There are many different types of neighbour dispute that the TSP Dispute Resolution team can help you with. We have detailed below some examples of the types of dispute you may encounter.

Boundary Disputes: When neighbours end up fighting over their boundaries it often causes untold stress on them and their families. They are unable to relax at home, in what should be their sanctuary. Often they look over their shoulder and are reluctant to fully utilise their gardens. In Acco Properties Ltd v Severn the judge said that “a party can litigate over a tiny strip of land, although I would certainly agree that it is usually economic madness to do so, but a person remains entitled in law to protect and preserve that which is his or hers”.

Boundary disputes are notoriously expensive to deal with in the Courts. The Judges will be guided by the evidence provided by the parties’ experts. It is usual for the “winner” to be awarded their legal costs from the “loser”, but you do not recover all of your costs. There is a salutary tale in the number of boundary disputes where one party has ended up having to sell their home in order to pay the other party’s legal costs.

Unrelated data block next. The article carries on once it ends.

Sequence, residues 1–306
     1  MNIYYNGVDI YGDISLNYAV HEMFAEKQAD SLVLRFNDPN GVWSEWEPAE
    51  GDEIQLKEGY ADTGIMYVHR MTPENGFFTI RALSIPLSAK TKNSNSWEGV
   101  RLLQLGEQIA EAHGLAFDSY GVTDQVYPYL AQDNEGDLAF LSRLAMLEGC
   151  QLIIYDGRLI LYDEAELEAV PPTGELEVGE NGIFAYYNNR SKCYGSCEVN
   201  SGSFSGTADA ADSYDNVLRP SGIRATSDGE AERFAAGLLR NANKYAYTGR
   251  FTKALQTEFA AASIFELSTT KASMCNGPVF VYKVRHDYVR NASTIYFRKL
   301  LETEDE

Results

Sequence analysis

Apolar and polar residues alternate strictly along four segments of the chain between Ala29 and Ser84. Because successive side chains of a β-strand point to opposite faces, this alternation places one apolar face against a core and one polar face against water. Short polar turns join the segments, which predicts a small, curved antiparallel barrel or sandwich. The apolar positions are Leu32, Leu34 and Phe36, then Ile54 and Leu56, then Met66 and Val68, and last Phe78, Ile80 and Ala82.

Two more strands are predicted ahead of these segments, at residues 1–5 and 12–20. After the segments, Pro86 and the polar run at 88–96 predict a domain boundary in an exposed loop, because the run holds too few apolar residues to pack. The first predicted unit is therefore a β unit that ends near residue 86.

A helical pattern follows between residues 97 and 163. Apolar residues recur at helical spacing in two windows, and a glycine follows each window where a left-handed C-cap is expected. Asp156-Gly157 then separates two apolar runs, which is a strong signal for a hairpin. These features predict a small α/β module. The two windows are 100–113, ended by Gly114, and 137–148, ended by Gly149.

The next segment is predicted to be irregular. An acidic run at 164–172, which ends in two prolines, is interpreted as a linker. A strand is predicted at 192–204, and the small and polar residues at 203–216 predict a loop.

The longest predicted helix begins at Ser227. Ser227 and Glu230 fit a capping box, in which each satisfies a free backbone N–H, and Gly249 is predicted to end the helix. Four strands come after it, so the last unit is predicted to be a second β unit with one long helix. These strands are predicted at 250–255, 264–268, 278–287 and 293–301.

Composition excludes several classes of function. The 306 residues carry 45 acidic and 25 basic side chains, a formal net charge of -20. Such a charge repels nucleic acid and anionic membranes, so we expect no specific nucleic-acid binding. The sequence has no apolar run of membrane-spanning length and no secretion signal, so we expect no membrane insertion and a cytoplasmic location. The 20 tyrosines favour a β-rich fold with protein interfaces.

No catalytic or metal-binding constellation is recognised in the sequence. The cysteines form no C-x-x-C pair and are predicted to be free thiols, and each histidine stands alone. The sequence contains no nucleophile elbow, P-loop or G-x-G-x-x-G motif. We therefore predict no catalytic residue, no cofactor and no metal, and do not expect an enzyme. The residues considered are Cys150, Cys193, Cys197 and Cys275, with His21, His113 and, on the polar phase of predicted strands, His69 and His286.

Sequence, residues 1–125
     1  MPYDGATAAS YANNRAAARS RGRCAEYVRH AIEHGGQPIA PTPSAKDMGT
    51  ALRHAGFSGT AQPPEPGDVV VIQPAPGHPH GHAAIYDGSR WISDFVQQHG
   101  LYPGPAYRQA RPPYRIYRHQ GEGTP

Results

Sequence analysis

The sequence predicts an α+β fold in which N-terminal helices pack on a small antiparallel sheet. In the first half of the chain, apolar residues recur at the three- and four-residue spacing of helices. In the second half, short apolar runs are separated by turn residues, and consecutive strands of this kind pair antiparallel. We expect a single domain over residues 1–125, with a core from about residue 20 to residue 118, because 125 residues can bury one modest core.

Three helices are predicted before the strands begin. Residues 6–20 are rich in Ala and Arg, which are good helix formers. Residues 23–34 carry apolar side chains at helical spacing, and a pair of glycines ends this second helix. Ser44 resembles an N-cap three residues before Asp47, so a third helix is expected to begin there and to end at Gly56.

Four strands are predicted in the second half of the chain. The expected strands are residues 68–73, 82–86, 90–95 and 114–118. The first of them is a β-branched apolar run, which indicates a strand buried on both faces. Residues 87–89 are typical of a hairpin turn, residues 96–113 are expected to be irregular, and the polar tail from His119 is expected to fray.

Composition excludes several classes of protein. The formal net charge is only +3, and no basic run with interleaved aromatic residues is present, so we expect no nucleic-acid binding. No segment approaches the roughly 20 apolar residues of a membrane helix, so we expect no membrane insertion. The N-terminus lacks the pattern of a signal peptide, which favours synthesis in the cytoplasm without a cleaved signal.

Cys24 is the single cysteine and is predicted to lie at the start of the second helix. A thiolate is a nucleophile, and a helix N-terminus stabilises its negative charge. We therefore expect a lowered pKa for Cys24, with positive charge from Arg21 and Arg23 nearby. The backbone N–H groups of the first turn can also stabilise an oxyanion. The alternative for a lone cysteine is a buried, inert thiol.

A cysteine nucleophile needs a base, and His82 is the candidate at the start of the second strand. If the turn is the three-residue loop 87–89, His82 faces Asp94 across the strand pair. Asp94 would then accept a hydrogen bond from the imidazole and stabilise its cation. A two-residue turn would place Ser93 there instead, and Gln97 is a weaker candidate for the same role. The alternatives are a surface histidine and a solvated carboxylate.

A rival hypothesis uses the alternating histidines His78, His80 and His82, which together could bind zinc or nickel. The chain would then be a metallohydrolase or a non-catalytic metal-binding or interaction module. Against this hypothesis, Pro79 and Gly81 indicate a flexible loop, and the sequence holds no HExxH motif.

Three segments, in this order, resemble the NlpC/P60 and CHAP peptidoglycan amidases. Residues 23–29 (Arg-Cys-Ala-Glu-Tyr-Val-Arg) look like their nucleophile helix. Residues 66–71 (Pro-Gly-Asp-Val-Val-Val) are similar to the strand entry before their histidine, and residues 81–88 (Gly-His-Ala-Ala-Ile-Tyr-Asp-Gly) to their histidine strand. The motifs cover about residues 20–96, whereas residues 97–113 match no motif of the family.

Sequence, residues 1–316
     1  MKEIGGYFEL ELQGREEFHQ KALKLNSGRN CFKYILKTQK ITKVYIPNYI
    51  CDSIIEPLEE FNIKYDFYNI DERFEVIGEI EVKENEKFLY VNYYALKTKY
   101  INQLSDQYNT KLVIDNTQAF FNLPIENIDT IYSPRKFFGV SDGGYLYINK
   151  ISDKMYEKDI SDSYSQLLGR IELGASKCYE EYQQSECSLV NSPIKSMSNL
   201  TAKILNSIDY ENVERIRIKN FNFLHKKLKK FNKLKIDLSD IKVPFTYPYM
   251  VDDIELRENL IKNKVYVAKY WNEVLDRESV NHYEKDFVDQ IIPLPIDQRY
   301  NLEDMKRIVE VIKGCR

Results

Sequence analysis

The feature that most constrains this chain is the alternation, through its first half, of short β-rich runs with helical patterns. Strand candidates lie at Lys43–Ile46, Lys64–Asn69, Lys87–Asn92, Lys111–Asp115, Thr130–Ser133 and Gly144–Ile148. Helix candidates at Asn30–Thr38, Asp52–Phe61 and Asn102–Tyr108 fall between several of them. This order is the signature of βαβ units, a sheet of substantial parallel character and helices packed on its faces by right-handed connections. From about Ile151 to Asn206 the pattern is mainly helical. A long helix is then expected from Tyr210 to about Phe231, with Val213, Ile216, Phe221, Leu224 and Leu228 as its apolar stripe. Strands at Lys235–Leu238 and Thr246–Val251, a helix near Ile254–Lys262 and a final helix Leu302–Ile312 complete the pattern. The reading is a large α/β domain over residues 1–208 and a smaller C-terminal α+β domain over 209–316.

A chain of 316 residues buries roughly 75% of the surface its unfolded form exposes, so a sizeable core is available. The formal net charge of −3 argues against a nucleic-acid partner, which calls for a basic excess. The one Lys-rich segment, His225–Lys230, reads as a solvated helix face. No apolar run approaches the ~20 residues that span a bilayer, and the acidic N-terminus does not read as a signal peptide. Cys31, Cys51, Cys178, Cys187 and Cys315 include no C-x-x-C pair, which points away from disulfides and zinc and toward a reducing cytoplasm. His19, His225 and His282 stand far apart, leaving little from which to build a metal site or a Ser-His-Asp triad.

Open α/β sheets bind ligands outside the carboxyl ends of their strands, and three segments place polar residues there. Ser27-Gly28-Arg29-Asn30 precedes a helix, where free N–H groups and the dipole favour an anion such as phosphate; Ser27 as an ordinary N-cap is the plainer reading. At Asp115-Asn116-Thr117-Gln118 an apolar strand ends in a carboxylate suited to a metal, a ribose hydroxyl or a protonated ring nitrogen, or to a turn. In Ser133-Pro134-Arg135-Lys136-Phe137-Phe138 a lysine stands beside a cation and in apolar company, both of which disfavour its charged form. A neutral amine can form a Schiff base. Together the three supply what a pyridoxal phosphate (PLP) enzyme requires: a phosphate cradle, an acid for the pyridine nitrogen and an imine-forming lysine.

Many of us can be stuck with our neighbours for years, so an amicable resolution to disputes is always the best route. Talk to your neighbour. Try to resolve your differences. If that does not work, try to agree to instruct a joint independent expert to demarcate the correct boundary position. If that does not work, we can help. We will explore all the options with you, including Alternative Dispute Resolution, before issuing proceedings.

Nuisance: Private nuisance is usually caused by a person doing something on their own land, which they are lawfully entitled to do, but which becomes a nuisance when the consequences of their act extend to the land of their neighbour by causing physical damage. The damage or interference with the neighbour’s land must be substantial or unreasonable and reasonably foreseeable.

Noise Nuisance: Again try talking to your neighbour and ask them to reduce the noise. If the noise is not reduced and your neighbour is a tenant, it may be worth contacting your neighbour’s landlord. If the problem persists it is useful to keep a record/diary of the disturbances which can be used as evidence in any future action.

Local authorities have extensive powers to deal with noise nuisances. You can ask the Environmental Health Officer to investigate the noise. They are able to measure the level of noise and to give an expert opinion on how it rates as a noise nuisance. Local authorities have powers to seize noise-making equipment, to serve notices, prosecute and apply for an injunction.

If that does not work, we can help you assess the strength of your case and if appropriate apply for an injunction.

If you have a dispute with a neighbour that you need help with contact the team here.